First time distillery visitors are often surprised that the adult beverage that they just spent an hour or so learning about is not available for sale at the end of the tour. They can buy hats, key rings, T-shirts, books about the history of the distillery but often not the actual product they love. The laws governing the sale of alcohol at a distillery vary by state. The state of North Carolina just got one step closer to allowing distiller’s to sell their product to guests that tour their distillery.

The Charlotte Chamber reports that  North Carolina House Bill 909 – ABC Omnibus Legislation – was given tentative approval on the Senate floor on June 4, 2015 by a vote of 40-8. One of the bill’s more notable provisions would allow distilleries who make less than 100,000 proof gallons per year to sell liquor by the bottle, the first time liquor would be available outside of an ABC Store in North Carolina since Prohibition. Bottled liquor purchases would, however, be limited to one bottle per person over a 12 month period. Distilleries that support the measure argue that the change will result in more sales and better tax revenue for the state, but the North Carolina Association of ABC Boards says that the change will take away much-needed business from their stores.

Here are the highlights of the bill. There are  few hoops that the distillery must jump through but it’s worth it to allow for the Direct-to-Consumer (DTC) sale and to create a better customer experience for the time spent with their favorite brand.

  • Consumption of the spirit is for off premise
  • Distillery must produce less than 100,000 proof gallons per year
  • Prices are set by the state ABC store
  • Bottles must have affixed a sticker that bears the words, “North Carolina Distillery Tour Commemorative Spirit”
  • No more than one bottle per calendar year
  • Distillery must keep an electronic record for at least one year that includes the purchaser’s name, drivers license number, and date of birth. If they don’t already have an electronic Point of Sale (POS) system, now is the time to make this investment.

Here is the detail from the actual proposal.


24 SECTION 4.(a) G.S. 18B-1105(a) reads as rewritten:
25 “(a) Authorized Acts. – The holder of a distillery permit may:may do any of the
26 following:
27 (1) Manufacture, purchase, import, possess and transport ingredients and
28 equipment used in the distillation of spirituous liquor;liquor.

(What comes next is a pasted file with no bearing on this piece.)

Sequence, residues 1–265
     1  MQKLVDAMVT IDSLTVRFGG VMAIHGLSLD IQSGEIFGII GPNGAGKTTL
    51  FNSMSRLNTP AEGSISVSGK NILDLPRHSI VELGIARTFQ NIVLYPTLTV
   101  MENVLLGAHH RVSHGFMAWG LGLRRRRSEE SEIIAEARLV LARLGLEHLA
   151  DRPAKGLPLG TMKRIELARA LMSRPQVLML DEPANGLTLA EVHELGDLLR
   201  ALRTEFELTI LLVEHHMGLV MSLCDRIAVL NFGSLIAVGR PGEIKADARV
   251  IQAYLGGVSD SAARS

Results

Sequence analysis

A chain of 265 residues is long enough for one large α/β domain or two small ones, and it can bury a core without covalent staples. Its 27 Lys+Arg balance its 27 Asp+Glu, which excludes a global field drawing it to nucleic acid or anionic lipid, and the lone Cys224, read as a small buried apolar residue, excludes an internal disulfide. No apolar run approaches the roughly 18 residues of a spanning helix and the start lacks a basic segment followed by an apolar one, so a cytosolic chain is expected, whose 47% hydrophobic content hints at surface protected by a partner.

29 (2) Sell, deliver and ship spirituous liquor in closed containers at wholesale to
30 exporters and local boards within the State, and, subject to the laws of other
31 jurisdictions, at wholesale or retail to private or public agencies or
32 establishments of other states or nations;nations.
33 (3) Transport into or out of the distillery the maximum amount of liquor allowed
34 under federal law, if the transportation is related to the distilling process.
35 (4) Sell spirituous liquor distilled at the distillery in closed containers to visitors
36 who tour the distillery for consumption off the premises if the distillery
37 manufactures less than 100,000 proof gallons per year. Sales under this
38 subdivision are allowed only in a county where the establishment of a county
39 or municipal ABC store has been approved pursuant to G.S. 18B-602(g) and
40 are subject to the time and day restrictions in G.S. 18B-802. Spirituous
41 liquor sold under this subdivision shall (i) be sold at the price set by the
42 Commission for the corresponding North Carolina code item, including all
43 applicable excise taxes, bottle charges, and sales taxes and (ii) have affixed
44 to its bottle a sticker that bears the words “North Carolina Distillery Tour
45 Commemorative Spirit” in addition to any other labeling requirements set by
46 law. Consumers purchasing spirituous liquor under this subdivision are
47 limited to purchasing, per calendar year, no more than one of any North
48 Carolina code item listed for sale in the State. The distillery shall use a
49 commonly adopted standard point of sale system to maintain searchable
50 electronic records captured at the point of sale, to include the purchaser’s
51 name, drivers license number, and date of birth for at least one year from the
1 date of purchase. The distillery shall not sell any North Carolina code item to
2 a customer who has purchased the item in the last year. The distillery
3 permittee shall remit all excise taxes, bottle charges, and sales taxes derived
4 from sales under this subdivision to the Department of Revenue in
5 accordance with Article 2C of Chapter 105 of the General Statutes. The
6 Commission shall adopt rules regulating the retail sale of spirituous liquor
7 under this subdivision.”


Recommended Posts